Have you ever had a headache? Chances are you have; almost all of us do once in a while. And chances are you took some kind of medicine to ease your headache. That medicine was most likely a relative of aspirin.
You may also have taken aspirin or its relatives for other problems, like inflammation (swelling of joints or other parts of the body) or fever. But did you know that about 80 billion aspirin tablets are taken per year for these problems, as well as many others? For example, millions of people take aspirin to help prevent heart attacks. There are good reasons a doctor might say, “Take two aspirin and call me in the morning.”
In this article, Dr. Luke Hoffman leads an exploration of aspirin. You will learn about the many benefits of aspirin, as well as some good reasons not to take this medication. You will also come to understand why Bayer has called aspirin “the wonder drug that works wonders.”
Aspirin is a member of a family of chemicals called salicylates. These chemicals have been known to people interested in medicine for centuries.
One of the first and most influential physicians, Hippocrates, wrote about a bitter powder extracted from willow bark that could ease aches and pains and reduce fevers as long ago as the fifth century B.C. In the 1700s, the scientist Reverend Edmund Stone wrote about the success of the bark and the willow in the cure of the “agues,” or fevers with aches. With a bit of chemical detective work, scientists found out that the part of willow bark that was (1) bitter and (2) good for fever and pain is a chemical known as salicin.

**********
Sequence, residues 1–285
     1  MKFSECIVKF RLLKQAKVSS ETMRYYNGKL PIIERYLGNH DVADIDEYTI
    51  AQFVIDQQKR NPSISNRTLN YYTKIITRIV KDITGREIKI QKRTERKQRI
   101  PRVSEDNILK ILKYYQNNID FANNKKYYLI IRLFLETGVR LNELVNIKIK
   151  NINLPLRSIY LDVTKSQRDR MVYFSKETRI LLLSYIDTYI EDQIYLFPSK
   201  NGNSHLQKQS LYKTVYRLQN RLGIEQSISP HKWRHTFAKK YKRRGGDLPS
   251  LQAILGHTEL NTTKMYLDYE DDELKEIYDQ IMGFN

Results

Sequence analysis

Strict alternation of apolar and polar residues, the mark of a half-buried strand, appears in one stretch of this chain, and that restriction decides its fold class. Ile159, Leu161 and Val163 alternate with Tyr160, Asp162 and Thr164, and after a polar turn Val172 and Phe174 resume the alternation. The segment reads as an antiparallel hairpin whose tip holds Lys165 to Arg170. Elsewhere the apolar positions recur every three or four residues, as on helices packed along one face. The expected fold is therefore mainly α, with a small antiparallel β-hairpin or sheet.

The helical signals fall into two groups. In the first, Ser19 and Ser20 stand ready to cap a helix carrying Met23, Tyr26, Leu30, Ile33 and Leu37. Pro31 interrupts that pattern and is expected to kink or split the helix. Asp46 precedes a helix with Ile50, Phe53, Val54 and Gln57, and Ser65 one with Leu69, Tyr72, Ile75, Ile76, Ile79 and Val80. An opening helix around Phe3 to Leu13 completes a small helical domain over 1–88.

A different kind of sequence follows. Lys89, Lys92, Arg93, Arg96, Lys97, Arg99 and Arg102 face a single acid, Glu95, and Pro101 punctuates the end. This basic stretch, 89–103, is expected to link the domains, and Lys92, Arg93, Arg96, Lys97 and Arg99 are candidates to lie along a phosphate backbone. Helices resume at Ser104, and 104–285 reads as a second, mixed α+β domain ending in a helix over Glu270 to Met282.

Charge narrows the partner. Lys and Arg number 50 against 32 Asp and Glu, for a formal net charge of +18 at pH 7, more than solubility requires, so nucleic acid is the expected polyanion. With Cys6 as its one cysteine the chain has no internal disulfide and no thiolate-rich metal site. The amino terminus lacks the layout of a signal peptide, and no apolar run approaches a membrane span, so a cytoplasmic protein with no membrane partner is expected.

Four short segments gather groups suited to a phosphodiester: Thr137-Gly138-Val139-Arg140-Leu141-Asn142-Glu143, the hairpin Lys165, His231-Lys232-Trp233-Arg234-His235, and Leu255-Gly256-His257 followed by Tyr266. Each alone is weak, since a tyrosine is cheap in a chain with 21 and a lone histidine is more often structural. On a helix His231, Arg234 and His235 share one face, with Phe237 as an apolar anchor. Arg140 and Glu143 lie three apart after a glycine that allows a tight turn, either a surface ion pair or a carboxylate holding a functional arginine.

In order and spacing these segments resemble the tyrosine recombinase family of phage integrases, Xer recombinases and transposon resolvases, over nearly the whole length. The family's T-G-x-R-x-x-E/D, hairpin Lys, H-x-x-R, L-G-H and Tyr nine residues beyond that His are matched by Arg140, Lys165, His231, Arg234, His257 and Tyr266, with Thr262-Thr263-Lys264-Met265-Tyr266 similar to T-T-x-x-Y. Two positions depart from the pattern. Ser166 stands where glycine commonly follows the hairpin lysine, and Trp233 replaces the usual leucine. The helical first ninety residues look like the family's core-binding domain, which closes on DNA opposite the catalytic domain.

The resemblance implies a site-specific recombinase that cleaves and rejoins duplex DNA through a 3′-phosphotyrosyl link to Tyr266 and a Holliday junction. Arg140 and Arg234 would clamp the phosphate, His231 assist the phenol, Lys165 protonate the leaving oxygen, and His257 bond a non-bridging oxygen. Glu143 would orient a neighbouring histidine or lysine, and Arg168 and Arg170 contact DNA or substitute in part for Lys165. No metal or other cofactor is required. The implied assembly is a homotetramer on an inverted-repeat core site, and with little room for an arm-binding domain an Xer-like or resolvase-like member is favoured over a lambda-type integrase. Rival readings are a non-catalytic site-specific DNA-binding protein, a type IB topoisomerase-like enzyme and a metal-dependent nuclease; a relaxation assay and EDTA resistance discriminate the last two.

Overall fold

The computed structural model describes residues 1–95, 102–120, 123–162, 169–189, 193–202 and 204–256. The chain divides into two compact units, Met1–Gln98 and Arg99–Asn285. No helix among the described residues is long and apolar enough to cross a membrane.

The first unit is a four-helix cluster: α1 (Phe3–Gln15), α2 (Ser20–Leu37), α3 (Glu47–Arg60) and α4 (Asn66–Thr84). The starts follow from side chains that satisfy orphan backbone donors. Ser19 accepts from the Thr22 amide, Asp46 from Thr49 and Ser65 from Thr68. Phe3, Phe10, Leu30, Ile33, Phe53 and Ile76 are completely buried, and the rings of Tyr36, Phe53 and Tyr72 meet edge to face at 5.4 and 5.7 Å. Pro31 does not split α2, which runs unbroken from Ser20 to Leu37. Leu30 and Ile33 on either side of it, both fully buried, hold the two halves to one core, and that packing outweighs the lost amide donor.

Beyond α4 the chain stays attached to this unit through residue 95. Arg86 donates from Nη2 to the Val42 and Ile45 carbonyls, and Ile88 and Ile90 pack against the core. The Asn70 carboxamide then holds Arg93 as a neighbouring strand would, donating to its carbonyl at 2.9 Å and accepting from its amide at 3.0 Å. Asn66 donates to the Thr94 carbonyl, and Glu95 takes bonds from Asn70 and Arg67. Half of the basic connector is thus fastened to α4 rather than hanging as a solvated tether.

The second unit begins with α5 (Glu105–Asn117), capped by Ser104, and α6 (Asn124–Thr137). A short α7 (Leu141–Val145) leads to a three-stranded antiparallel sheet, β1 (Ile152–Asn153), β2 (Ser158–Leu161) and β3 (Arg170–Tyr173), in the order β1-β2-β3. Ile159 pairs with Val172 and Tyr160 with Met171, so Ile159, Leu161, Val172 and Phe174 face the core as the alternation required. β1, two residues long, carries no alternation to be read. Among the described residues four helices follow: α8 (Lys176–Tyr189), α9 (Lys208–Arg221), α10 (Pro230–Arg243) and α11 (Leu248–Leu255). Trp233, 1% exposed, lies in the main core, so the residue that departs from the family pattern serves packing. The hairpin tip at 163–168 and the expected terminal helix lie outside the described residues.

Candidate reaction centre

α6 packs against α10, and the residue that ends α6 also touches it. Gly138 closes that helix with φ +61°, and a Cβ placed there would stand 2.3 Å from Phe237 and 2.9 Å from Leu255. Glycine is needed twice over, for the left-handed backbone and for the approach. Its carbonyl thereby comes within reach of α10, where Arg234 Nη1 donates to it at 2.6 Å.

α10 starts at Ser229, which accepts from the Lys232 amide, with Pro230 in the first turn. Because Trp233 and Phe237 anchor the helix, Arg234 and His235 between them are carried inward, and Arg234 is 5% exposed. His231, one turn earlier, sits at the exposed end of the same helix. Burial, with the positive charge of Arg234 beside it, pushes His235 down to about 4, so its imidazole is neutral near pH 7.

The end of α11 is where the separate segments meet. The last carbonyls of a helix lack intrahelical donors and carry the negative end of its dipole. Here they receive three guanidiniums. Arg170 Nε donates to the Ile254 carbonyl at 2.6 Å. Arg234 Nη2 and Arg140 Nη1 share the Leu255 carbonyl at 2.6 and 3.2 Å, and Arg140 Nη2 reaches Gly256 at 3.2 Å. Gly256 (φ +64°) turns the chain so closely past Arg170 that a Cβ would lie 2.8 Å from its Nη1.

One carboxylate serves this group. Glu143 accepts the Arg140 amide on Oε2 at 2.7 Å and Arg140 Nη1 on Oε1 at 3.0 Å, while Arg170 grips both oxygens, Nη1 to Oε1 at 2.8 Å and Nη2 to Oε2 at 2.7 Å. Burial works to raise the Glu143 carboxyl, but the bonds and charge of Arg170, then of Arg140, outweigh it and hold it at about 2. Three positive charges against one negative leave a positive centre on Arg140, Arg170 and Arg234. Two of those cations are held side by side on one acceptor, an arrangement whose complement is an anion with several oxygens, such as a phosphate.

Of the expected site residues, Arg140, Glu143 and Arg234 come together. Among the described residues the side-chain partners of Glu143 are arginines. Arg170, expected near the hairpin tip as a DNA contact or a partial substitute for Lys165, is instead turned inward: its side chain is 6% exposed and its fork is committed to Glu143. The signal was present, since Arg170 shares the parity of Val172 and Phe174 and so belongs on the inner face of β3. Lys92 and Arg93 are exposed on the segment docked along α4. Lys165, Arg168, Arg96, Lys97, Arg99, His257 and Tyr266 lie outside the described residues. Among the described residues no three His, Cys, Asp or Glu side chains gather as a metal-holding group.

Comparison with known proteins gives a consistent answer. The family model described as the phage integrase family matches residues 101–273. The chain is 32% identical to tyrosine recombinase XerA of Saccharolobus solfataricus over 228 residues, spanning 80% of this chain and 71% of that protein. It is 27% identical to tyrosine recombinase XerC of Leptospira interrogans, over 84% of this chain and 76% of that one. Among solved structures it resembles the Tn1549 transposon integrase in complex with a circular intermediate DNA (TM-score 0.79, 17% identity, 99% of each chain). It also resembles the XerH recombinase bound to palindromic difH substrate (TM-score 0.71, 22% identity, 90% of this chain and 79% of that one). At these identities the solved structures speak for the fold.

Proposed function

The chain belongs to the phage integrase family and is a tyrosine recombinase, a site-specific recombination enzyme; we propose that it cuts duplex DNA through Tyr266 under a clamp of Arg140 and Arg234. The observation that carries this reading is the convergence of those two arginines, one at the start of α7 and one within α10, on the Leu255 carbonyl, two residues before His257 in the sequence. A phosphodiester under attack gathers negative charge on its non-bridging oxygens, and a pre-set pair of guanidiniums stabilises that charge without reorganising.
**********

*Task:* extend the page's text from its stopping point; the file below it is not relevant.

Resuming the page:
This chemical can be converted (changed) by the body after it is eaten to another chemical, salicylic acid. It was a pharmacist known as Leroux who showed in 1829 that salicin is this active willow ingredient, and for many years it, salicylic acid (made from salicin for the first time by Italian chemist Piria), and close relatives were used at high doses to treat pain and swelling in diseases like arthritis and to treat fever in illnesses like influenza (flu).
In the next section, we’ll look at the development of aspirin.
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